OCTOBER 7, 2015
VIENNA—On May 13, 2015, some 400 attended the unveiling of a plaque dedicated to Gerhard Steinacher, one of Jehovah’s Witnesses, who was executed 75 years ago by the Nazis for refusing to join the German army. The mayor of Vienna’s Meidling District, Gabriele Votava, was the key speaker at the curbside unveiling of the plaque affixed to the outside of the Steinacher family’s former residence in Meidling, Vienna at Lägenfeldgasse 68.
The program bore the theme “I just can’t shoot,” the explanation Mr. Steinacher uttered during his petition for clemency. Those simple words speak volumes about the Christian values Mr. Steinacher held dear, such as Jesus’ words found at Matthew 19:19: “You must love your neighbor as yourself.”
As a youth, Gerhard was a student of the Bible. When he was 17, he decided to become one of Jehovah’s Witnesses. On September 15, 1939, Mr. Steinacher was arrested for conscientiously objecting to military service and for refusing to swear the oath of loyalty to Hitler. After being imprisoned in Vienna for six weeks, Mr. Steinacher was transferred to pretrial detention at the Moabit prison in Berlin, Germany.
On November 11, 1939, the first day of his first hearing, Mr. Steinacher was charged with subverting the war effort and sentenced to death row. He petitioned for clemency based on his religious beliefs. However, on March 2, 1940, the Reichskriegsgericht (Reich Military Court) upheld the death sentence. Four weeks later, on March 30, Mr. Steinacher was executed by guillotine at Berlin’s notorious Plötzensee prison. He was 19 years old.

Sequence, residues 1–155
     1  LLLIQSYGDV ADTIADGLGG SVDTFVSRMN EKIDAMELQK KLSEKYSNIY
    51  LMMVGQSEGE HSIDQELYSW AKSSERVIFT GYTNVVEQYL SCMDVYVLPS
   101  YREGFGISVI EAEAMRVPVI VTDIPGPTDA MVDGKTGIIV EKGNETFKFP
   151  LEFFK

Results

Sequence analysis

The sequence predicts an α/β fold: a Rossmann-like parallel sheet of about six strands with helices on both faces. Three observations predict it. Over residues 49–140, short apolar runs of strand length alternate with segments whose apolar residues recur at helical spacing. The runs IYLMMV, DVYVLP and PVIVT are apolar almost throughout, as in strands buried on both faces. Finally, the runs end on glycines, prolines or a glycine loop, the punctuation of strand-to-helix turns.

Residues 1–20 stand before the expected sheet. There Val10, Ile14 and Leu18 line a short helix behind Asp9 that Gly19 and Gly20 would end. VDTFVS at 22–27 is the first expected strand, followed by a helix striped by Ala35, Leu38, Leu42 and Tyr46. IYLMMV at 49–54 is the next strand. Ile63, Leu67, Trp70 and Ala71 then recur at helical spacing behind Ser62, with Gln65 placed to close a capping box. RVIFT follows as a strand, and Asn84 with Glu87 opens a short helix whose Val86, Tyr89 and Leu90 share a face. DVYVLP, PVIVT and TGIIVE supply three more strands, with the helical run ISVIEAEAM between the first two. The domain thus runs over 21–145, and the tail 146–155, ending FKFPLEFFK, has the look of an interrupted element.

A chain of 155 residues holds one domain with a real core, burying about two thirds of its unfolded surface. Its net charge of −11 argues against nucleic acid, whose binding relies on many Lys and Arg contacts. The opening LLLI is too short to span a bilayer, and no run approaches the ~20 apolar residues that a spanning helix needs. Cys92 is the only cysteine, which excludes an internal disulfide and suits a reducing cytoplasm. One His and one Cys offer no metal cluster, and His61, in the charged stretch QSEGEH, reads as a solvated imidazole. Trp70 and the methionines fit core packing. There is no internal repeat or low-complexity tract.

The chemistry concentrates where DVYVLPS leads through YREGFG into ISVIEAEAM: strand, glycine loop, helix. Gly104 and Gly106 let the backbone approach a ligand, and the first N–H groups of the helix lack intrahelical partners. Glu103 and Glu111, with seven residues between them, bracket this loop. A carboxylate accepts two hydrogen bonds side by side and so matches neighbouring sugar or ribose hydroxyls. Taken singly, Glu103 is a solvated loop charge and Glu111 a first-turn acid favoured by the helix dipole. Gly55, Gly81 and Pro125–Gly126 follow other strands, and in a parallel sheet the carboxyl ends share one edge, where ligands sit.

Following the plaque unveiling ceremony, the event continued at the nearby Volkshochschule Theater. Among the events scheduled was an exhibit that chronicled the Steinacher’s family history. One of the displays featured a small box—found in 1976—containing 28 letters from Ignatz and Luise Steinacher written to their son Gerhard while he was in prison as well as 25 postcards and letters that Gerhard wrote to comfort his parents and express his conviction in their shared faith.
Reporting on the event, an article in Wiener Bezirkszeitung, a weekly Vienna newspaper, describes it as a “remarkable memorial” that brought Mr. Steinacher’s courageous actions “out of the shadows and into the light.” The article further extols Mr. Steinacher by stating: “He was prepared to die for his principles—the very principles that he lived for.”